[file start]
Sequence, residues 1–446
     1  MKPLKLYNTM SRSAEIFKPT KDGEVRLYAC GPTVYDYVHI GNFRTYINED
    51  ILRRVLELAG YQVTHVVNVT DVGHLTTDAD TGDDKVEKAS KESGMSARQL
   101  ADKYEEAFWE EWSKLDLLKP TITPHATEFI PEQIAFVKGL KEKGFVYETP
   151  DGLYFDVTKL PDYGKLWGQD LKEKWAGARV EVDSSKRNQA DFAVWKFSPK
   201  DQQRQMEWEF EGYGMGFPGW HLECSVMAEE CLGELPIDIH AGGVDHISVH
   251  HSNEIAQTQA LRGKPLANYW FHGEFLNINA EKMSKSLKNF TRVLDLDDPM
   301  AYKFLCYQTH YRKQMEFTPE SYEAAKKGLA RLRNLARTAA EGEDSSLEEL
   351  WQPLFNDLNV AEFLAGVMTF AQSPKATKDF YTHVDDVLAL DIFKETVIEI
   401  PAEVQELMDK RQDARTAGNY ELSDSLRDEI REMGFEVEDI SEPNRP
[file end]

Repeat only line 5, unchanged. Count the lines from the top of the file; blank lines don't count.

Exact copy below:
   151  DGLYFDVTKL PDYGKLWGQD LKEKWAGARV EVDSSKRNQA DFAVWKFSPK